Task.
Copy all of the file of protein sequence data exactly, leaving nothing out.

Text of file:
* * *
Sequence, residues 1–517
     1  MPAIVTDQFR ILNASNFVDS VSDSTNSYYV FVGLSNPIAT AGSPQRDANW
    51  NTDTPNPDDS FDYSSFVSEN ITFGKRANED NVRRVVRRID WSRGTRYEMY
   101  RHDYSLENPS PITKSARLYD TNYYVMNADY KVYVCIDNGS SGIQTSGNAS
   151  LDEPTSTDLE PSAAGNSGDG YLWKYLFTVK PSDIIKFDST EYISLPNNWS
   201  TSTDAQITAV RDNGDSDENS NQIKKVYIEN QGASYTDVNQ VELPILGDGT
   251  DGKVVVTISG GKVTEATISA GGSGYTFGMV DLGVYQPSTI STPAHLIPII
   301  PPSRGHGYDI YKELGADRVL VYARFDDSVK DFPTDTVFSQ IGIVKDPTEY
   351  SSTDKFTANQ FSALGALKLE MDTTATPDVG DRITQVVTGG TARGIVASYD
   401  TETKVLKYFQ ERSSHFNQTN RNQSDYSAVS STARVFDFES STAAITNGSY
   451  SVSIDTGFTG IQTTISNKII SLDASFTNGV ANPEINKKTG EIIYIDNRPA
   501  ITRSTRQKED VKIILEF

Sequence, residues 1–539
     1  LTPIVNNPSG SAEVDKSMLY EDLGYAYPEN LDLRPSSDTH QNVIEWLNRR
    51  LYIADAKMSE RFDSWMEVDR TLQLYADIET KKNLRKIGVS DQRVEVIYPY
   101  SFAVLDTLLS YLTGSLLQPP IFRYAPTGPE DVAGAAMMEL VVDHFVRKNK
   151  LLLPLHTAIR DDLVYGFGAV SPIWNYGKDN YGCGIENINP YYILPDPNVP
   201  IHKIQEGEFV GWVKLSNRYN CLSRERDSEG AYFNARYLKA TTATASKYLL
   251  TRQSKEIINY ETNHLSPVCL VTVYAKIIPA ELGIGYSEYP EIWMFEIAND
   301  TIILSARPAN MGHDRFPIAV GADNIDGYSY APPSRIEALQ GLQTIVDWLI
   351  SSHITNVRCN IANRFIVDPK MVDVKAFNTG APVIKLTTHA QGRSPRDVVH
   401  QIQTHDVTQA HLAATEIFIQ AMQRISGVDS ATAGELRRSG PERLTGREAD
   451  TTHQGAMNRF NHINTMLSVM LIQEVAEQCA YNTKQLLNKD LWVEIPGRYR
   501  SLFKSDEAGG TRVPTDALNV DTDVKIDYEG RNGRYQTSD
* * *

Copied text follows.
Sequence, residues 1–517
     1  MPAIVTDQFR ILNASNFVDS VSDSTNSYYV FVGLSNPIAT AGSPQRDANW
    51  NTDTPNPDDS FDYSSFVSEN ITFGKRANED NVRRVVRRID WSRGTRYEMY
   101  RHDYSLENPS PITKSARLYD TNYYVMNADY KVYVCIDNGS SGIQTSGNAS
   151  LDEPTSTDLE PSAAGNSGDG YLWKYLFTVK PSDIIKFDST EYISLPNNWS
   201  TSTDAQITAV RDNGDSDENS NQIKKVYIEN QGASYTDVNQ VELPILGDGT
   251  DGKVVVTISG GKVTEATISA GGSGYTFGMV DLGVYQPSTI STPAHLIPII
   301  PPSRGHGYDI YKELGADRVL VYARFDDSVK DFPTDTVFSQ IGIVKDPTEY
   351  SSTDKFTANQ FSALGALKLE MDTTATPDVG DRITQVVTGG TARGIVASYD
   401  TETKVLKYFQ ERSSHFNQTN RNQSDYSAVS STARVFDFES STAAITNGSY
   451  SVSIDTGFTG IQTTISNKII SLDASFTNGV ANPEINKKTG EIIYIDNRPA
   501  ITRSTRQKED VKIILEF

Sequence, residues 1–539
     1  LTPIVNNPSG SAEVDKSMLY EDLGYAYPEN LDLRPSSDTH QNVIEWLNRR
    51  LYIADAKMSE RFDSWMEVDR TLQLYADIET KKNLRKIGVS DQRVEVIYPY
   101  SFAVLDTLLS YLTGSLLQPP IFRYAPTGPE DVAGAAMMEL VVDHFVRKNK
   151  LLLPLHTAIR DDLVYGFGAV SPIWNYGKDN YGCGIENINP YYILPDPNVP
   201  IHKIQEGEFV GWVKLSNRYN CLSRERDSEG AYFNARYLKA TTATASKYLL
   251  TRQSKEIINY ETNHLSPVCL VTVYAKIIPA ELGIGYSEYP EIWMFEIAND
   301  TIILSARPAN MGHDRFPIAV GADNIDGYSY APPSRIEALQ GLQTIVDWLI
   351  SSHITNVRCN IANRFIVDPK MVDVKAFNTG APVIKLTTHA QGRSPRDVVH
   401  QIQTHDVTQA HLAATEIFIQ AMQRISGVDS ATAGELRRSG PERLTGREAD
   451  TTHQGAMNRF NHINTMLSVM LIQEVAEQCA YNTKQLLNKD LWVEIPGRYR
   501  SLFKSDEAGG TRVPTDALNV DTDVKIDYEG RNGRYQTSD